New York Times: The Outsourced Brain

by Volker Weber

Until that moment, I had thought that the magic of the information age was that it allowed us to know more, but then I realized the magic of the information age is that it allows us to know less. It provides us with external cognitive servants — silicon memory systems, collaborative online filters, consumer preference algorithms and networked knowledge. We can burden these servants and liberate ourselves.

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[Thanks, Richard]


I can understand this statement when I see young people who are used to the computer and their ability to do simple mental arithmetic.

Cem Basman, 2007-10-26

I have to agree that it "allows us to know less." If knowing less meant that we were free to do other, more worthwhile endeavors, that would be good. But where are the pointers that we are enhancing the "big brain?" All I see is, like Cem, people losing their ability to do simple math, or know the location of Iran, or any of another number of basic things. No, I think that it is allowing us to use less of our brain.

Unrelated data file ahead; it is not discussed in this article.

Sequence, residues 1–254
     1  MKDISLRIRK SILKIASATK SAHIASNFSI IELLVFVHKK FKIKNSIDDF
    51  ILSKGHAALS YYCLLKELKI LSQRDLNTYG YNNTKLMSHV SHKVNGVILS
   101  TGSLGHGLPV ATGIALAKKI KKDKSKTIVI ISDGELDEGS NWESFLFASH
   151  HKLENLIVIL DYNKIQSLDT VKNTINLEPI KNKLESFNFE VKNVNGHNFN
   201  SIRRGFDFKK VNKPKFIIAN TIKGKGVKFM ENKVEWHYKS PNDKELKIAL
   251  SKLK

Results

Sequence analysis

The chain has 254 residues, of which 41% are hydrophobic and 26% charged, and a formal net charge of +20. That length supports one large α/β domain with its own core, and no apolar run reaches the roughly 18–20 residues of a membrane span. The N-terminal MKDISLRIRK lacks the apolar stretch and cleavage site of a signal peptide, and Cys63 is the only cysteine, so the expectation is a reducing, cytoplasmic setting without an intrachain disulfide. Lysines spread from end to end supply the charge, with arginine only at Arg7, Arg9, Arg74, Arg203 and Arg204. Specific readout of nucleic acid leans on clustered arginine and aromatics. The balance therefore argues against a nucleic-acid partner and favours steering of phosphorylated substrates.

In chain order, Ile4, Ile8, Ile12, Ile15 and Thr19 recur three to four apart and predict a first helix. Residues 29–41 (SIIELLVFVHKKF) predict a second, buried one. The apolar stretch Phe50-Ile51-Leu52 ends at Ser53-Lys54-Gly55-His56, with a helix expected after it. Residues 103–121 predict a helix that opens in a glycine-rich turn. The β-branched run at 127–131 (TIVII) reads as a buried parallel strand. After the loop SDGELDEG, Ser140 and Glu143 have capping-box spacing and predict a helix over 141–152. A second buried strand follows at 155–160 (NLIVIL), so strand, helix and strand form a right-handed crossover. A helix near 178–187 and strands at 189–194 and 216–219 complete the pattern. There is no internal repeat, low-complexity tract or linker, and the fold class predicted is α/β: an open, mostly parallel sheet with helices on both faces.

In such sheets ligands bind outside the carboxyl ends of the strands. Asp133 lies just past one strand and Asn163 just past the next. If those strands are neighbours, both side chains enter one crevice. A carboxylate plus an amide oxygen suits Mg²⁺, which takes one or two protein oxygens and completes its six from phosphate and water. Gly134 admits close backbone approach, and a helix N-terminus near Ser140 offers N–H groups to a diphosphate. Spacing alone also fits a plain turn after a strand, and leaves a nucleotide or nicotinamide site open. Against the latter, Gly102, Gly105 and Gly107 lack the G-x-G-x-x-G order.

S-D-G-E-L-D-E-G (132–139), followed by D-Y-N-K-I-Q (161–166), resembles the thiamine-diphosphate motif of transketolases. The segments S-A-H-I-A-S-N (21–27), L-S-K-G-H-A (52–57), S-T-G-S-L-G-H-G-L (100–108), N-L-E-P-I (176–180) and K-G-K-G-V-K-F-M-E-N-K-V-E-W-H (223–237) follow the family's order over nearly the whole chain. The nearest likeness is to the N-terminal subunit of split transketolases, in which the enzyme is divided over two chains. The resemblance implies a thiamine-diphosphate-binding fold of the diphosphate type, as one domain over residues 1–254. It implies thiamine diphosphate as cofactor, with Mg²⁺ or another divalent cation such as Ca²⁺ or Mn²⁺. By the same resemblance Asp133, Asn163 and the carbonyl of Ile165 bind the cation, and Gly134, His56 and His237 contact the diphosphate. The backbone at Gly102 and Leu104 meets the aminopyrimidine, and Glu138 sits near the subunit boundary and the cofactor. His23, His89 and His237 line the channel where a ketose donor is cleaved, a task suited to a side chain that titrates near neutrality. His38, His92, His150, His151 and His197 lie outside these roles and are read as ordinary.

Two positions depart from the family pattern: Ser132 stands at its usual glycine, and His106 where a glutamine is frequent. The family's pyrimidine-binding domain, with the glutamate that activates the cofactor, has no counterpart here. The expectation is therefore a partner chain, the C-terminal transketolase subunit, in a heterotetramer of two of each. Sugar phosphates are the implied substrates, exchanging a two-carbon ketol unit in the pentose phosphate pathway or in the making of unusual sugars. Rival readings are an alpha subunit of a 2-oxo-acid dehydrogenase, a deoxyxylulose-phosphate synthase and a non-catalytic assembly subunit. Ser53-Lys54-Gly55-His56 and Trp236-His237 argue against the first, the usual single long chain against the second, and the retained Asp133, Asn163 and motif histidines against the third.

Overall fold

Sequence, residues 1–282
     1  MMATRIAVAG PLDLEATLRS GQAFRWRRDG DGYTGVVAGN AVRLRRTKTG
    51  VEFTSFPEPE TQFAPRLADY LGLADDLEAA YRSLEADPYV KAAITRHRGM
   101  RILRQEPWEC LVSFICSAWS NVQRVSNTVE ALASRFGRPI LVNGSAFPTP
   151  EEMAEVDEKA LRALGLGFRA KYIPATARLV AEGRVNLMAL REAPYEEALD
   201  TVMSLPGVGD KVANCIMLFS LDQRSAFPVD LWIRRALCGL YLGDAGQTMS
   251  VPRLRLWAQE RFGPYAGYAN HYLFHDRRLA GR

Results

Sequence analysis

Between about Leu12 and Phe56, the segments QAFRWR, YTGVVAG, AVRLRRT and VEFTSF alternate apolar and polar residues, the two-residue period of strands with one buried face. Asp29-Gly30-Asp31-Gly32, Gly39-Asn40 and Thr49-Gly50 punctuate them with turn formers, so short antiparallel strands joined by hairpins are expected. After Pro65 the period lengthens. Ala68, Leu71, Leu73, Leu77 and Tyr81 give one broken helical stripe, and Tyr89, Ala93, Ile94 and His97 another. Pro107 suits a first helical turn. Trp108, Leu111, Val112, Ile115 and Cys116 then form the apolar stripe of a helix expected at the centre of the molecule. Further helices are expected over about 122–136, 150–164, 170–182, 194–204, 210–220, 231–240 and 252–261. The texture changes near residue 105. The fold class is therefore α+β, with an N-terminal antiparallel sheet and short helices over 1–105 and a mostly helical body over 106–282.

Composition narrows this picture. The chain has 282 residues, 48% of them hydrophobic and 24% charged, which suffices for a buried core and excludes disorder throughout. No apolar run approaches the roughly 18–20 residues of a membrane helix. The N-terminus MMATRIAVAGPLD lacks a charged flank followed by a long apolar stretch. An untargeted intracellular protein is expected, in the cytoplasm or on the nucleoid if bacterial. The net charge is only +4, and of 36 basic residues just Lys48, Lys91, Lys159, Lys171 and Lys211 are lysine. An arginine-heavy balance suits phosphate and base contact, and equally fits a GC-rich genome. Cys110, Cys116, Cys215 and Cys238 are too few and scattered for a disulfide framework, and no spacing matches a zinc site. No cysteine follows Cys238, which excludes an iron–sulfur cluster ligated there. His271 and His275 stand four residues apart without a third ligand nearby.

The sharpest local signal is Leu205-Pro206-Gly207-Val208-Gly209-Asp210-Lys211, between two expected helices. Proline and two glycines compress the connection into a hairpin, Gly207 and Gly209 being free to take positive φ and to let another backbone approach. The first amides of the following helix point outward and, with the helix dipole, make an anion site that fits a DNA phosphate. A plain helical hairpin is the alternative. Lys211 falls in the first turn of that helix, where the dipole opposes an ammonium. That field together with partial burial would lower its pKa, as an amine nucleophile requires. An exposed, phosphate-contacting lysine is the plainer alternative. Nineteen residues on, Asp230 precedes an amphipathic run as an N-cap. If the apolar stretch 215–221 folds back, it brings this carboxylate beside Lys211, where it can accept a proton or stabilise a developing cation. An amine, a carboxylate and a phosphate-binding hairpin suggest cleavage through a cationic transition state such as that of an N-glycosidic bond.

I love my GPS, but I don't like the fact that I have no reference point. I still bring out the road map, so that I can get the bigger picture.

Gregg Eldred, 2007-10-26

I think the problems start when people don't use the net as a brain extender, but as a replacement. I feel using the net to broaden your knowledge and views is excellent, but if you are an idiot it does not help if you know only how to enter a phrase in a search field of Google or any other search engine.

Armin Auth, 2007-10-26

Also see this xkcd comic from last week.

Ralph Unden, 2007-10-27

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